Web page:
This series of murals by Mónica Bengoa invites us to an experience in which thought and the senses are conjugated in a fascinating, and at the same time demanding way, as its title already tells us, in a bilingual format which confronts us first with the strangeness of the German language text and then to its translation, of a didactic sequence which seems far removed from the field of art. The word Beobachtungen, which can also be translated as observations, condenses in its meaning what these works carry out and what they ask us to do with them: considering them, alertly examine them (in German, Achtung means “Attention!” or “Watch out”), with the fascination of a child that discovers the world in the pages of a book or in the circumspect space of a garden, with the rigor of the scientist examining an object under his microscope.
When contemplating them we cannot but think in her laborious production process, in the time and mastery it took to make them, together with enjoying their sensuality on a color, materials and shape level, dazzling us with the chromatic combinations, the texture of the felt and the arabesques of the fretwork. To look over these murals is also relating with its enormous scale and the way in which it exceeds, envelops our bodies at the same time it allows us to come closer to the draft of every outline and to their relations with the other layers of which these works are composed of. As we circulate the exhibition, stopping on each work, stepping back to try to understand the whole or submerging ourselves in its details, we can pay making an effort to perceive the tension between the photographic image of which they originate, the objects and places to which they remit, and the transformations to which the artist submits them, in one’s succinct shaded outline, or in the dense differences of depth of others’.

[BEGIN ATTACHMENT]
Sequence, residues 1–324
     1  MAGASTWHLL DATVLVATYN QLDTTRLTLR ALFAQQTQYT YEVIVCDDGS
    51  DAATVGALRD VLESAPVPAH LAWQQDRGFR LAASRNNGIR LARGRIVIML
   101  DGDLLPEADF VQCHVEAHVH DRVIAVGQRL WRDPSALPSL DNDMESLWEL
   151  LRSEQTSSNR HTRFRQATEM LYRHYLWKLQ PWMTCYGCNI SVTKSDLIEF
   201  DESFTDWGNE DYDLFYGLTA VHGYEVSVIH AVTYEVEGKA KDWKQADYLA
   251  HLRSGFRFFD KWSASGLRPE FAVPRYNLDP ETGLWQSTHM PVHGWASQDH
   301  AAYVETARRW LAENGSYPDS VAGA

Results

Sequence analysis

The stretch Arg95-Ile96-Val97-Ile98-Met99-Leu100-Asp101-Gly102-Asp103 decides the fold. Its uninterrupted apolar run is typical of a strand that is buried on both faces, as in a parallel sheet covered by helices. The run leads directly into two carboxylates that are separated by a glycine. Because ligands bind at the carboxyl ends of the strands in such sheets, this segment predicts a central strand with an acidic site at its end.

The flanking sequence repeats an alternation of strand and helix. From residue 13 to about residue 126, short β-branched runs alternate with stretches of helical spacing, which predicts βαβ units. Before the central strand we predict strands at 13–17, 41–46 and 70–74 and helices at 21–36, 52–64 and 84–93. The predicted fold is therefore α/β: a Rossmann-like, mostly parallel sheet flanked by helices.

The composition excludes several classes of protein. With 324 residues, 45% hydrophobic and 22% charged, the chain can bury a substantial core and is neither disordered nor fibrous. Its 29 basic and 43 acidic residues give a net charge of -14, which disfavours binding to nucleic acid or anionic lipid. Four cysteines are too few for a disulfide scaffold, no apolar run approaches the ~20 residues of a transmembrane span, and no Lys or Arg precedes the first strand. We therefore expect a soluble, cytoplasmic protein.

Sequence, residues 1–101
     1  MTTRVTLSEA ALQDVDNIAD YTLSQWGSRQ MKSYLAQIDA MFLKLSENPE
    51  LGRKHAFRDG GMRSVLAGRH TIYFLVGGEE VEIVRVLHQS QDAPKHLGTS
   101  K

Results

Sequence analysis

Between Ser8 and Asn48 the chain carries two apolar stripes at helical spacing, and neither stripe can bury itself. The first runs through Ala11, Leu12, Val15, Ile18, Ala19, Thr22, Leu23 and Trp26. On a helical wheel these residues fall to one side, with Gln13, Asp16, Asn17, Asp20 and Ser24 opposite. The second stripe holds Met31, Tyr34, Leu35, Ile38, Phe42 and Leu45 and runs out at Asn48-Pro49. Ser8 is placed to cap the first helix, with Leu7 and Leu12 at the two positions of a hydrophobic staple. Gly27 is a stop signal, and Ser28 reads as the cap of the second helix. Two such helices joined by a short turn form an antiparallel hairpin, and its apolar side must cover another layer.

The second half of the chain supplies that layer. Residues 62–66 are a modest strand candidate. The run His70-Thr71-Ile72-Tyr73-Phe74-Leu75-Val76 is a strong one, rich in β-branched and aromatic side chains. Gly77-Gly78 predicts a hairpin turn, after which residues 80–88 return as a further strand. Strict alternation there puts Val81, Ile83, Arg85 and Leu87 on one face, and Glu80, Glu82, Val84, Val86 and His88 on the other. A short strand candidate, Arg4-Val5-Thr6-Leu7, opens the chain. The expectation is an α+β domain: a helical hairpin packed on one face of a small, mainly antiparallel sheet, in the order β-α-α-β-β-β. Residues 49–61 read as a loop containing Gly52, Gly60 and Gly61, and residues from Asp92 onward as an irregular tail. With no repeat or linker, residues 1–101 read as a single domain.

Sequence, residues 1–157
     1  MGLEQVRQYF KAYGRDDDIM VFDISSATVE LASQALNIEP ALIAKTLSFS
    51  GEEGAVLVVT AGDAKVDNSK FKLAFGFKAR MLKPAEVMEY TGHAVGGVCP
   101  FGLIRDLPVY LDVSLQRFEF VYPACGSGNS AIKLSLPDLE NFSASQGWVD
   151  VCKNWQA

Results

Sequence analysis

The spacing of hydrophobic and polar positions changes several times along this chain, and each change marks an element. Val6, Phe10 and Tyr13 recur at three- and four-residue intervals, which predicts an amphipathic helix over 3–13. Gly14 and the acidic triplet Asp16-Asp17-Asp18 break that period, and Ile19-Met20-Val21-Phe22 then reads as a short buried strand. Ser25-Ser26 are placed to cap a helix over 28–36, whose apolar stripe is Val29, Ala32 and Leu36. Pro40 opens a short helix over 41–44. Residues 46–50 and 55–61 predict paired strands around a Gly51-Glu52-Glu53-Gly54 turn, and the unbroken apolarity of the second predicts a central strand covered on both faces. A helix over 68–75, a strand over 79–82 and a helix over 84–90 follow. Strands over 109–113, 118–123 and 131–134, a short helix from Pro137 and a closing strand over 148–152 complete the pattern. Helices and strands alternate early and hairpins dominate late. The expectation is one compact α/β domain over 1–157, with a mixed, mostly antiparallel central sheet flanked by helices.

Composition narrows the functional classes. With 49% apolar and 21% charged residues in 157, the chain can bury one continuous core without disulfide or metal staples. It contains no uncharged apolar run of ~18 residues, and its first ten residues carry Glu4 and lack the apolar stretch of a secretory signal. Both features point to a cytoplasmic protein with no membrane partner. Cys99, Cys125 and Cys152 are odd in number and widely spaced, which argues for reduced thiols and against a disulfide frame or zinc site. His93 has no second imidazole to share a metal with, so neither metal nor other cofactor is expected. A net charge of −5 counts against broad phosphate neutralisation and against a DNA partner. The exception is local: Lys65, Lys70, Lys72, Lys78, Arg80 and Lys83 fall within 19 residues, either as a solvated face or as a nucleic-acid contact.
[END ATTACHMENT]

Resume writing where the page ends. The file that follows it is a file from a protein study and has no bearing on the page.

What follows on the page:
Apart of this visual and delicately crafted complexity, meticulous, demanded by her, these works ask us a series of questions as we observe or evoke them. They are works that explore the ways in which we perceive and understand the world around us, in which what is handcraft and what is technical convey and complement each other in an exemplary fashion in a time in which their coexistence is often conflictive. Through an utterly personal prism, they dialogue with scientific knowledge, education, childhood, the word and languages (German in particular, in this case) with writing and its supports, with the fascinating world of plants and insects, and with matter, felt, which in this case covers the museum walls in the manner of a second skin, as the map of a territory in which we may get lost and find ourselves again, without haste. Without haste.
Fernando Perez Villalon